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http://dx.doi.org/10.1016/j.jbiomech.2016.11.020DOI Listing
http://www.ncbi.nlm.nih.gov/pmc/articles/PMC5292244PMC
January 2017

Serrated needle design facilitates precise round window membrane perforation.

J Biomed Mater Res A 2016 07 11;104(7):1633-7. Epub 2016 Mar 11.

Department of Otolaryngology-Head and Neck Surgery, Columbia University College of Physicians and Surgeons, New York, New York.

The round window membrane (RWM) has become the preferred route, over cochleostomy, for the introduction of cochlear implant electrodes as it minimizes inner ear trauma. However, in the absence of a tool designed for creating precise perforation, current practices lead to tearing of the RWM and significant intracochlear pressure fluctuations. On the basis of RWM mechanical properties, we have designed a multi-serrated needle to create consistent holes without membrane tearing or damaging inner ear structures. Four and eight-serrated needles were designed and produced with wire electrical discharge machining (EDM). The needle's ability to create RWM perforations was tested in deidentified, commercially acquired temporal bones with the assistance of a micromanipulator. Subsequently, specimens were imaged under light and scanning electron microscopy (SEM). The needles created consistent, appropriately sized holes in the membrane with minimal tearing. While a four-serrated crown needle made rectangular/trapezoid perforations, the octagonal crown formed smooth oval holes within the membrane. Though designed for single use, the needle tolerated repeated use without significant damage. The serrated needles formed precise perforations in the RWM while minimizing damage during cochlear implantation. The octagonal needle design created the preferred oval perforation better than the quad needle. © 2016 Wiley Periodicals, Inc. J Biomed Mater Res Part A: 104A: 1633-1637, 2016.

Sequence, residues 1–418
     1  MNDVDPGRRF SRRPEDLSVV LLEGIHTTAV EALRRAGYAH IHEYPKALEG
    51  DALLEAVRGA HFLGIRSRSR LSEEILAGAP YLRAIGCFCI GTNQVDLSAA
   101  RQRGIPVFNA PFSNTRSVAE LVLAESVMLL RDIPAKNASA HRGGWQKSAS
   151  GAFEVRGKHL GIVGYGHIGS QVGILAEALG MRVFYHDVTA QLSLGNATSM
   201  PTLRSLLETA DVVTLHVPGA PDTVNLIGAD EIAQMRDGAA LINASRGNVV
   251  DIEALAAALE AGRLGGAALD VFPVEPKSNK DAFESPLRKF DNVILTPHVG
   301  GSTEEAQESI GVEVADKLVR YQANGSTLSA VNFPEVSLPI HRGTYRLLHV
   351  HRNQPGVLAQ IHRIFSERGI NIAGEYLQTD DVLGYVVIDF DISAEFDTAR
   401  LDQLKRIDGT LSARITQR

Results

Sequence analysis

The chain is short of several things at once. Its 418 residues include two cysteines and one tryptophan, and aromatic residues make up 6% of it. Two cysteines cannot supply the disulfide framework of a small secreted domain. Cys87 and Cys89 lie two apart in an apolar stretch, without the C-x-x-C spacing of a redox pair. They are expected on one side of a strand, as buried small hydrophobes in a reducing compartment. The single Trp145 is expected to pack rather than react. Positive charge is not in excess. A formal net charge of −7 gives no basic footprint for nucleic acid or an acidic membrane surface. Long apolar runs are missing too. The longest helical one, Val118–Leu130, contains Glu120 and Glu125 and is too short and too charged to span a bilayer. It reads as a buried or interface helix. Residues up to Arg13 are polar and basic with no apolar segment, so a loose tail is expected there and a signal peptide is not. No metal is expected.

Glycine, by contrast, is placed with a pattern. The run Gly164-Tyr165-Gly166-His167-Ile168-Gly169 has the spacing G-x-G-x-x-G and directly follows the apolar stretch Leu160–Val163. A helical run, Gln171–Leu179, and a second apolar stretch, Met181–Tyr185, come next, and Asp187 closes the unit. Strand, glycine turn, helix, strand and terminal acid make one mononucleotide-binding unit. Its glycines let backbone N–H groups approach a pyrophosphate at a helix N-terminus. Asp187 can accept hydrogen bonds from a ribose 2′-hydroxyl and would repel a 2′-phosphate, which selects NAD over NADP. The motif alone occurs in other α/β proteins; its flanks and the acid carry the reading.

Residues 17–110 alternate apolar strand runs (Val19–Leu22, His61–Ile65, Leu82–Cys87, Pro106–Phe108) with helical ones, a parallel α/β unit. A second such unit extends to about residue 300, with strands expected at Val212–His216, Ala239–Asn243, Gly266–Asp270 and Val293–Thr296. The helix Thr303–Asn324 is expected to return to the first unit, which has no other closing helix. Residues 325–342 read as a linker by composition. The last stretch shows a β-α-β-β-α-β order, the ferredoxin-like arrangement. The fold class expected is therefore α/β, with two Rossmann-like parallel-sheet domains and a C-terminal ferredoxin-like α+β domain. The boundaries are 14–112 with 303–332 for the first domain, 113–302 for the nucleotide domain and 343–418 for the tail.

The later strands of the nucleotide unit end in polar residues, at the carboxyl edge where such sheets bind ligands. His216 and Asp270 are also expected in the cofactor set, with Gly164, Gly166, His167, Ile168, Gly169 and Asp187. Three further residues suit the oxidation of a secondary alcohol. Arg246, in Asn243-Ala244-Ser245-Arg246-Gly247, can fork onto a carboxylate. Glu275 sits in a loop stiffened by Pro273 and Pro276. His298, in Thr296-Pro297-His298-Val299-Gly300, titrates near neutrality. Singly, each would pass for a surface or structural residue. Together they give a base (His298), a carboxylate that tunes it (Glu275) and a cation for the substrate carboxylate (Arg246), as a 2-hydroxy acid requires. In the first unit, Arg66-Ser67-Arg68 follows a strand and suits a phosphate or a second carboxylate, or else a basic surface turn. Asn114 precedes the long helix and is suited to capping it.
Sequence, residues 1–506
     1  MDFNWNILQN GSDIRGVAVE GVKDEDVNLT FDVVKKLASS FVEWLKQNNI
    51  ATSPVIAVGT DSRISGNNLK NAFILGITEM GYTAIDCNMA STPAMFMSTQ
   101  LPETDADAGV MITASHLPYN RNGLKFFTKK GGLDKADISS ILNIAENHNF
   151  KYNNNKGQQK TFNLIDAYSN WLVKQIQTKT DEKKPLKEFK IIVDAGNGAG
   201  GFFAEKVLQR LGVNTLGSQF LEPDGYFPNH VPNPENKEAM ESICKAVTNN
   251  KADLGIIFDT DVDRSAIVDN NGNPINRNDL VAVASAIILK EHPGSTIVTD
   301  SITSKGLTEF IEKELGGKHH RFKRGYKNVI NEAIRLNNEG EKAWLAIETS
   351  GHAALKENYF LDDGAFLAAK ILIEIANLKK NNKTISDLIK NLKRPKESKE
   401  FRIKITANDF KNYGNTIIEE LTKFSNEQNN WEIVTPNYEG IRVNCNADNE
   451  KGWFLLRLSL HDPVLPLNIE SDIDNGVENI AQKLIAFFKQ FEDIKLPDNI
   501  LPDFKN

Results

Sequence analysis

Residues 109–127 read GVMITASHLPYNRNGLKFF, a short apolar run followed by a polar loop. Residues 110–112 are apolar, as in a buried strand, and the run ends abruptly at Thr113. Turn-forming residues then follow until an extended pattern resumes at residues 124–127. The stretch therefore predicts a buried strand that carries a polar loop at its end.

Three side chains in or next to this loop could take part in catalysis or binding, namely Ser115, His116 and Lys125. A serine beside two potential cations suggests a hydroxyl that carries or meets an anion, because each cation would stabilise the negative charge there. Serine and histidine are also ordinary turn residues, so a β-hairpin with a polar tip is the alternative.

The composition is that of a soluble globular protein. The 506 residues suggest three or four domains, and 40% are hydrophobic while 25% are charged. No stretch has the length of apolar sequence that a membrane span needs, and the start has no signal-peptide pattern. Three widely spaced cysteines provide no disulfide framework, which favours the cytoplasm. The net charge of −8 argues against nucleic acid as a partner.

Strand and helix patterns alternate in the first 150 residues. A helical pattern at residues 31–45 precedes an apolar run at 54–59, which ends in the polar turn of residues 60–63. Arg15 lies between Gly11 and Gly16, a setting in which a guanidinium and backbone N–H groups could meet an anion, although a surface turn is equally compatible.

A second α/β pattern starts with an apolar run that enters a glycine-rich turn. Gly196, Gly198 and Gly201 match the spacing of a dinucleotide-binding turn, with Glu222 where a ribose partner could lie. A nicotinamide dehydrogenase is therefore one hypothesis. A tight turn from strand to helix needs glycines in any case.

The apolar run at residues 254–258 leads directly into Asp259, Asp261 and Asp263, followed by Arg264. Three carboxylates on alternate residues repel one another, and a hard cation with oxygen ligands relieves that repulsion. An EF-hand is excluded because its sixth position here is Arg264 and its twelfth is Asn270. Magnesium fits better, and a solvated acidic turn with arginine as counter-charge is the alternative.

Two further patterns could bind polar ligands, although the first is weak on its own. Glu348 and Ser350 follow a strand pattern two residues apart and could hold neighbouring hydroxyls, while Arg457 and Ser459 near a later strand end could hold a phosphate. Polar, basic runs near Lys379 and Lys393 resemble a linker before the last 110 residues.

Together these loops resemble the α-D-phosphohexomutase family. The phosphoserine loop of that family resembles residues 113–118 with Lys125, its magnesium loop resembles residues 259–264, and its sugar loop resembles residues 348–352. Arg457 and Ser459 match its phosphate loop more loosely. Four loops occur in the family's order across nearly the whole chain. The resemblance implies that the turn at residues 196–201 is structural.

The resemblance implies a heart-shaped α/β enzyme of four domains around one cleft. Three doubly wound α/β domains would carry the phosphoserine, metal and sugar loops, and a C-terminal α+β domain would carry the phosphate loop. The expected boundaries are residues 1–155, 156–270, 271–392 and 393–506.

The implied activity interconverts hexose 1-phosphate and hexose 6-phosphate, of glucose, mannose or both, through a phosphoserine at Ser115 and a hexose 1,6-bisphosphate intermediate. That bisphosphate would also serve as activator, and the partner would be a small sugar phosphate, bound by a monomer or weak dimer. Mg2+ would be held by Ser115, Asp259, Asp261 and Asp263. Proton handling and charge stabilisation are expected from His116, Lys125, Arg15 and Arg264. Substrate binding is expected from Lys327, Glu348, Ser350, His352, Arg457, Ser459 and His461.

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http://dx.doi.org/10.1002/jbm.a.35692DOI Listing
http://www.ncbi.nlm.nih.gov/pmc/articles/PMC5508557PMC
July 2016

A dual wedge microneedle for sampling of perilymph solution via round window membrane.

Biomed Microdevices 2016 Apr;18(2):24

Department of Mechanical Engineering, Columbia University, 220 Mudd Building 500 West 120th Street, New York, NY, 10027, USA.

Precision medicine for inner-ear disease is hampered by the absence of a methodology to sample inner-ear fluid atraumatically. The round window membrane (RWM) is an attractive portal for accessing cochlear fluids as it heals spontaneously. In this study, we report on the development of a microneedle for perilymph sampling that minimizes the size of RWM perforation, facilitates quick aspiration, and provides precise volume control. Here, considering the mechanical anisotropy of the RWM and hydrodynamics through a microneedle, a 31G stainless steel pipe was machined into wedge-shaped design via electrical discharge machining. The sharpness of the needle was evaluated via a surface profilometer. Guinea pig RWM was penetrated in vitro, and 1 μL of perilymph was sampled and analyzed via UV-vis spectroscopy. The prototype wedge shaped needle was successfully fabricated with the tip curvature of 4.5 μm and the surface roughness of 3.66 μm in root mean square. The needle created oval perforation with minor and major diameter of 143 and 344 μm (n = 6). The sampling duration and standard deviation of aspirated volume were 3 s and 6.8 % respectively. The protein concentration was 1.74 mg/mL. The prototype needle facilitated precise perforation of RWMs and rapid aspiration of cochlear fluid with precise volume control. The needle design is promising and requires testing in human cadaveric temporal bone and further optimization to become clinically viable.
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http://dx.doi.org/10.1007/s10544-016-0046-2DOI Listing
http://www.ncbi.nlm.nih.gov/pmc/articles/PMC5574191PMC
April 2016

Silver/silver chloride microneedles can detect penetration through the round window membrane.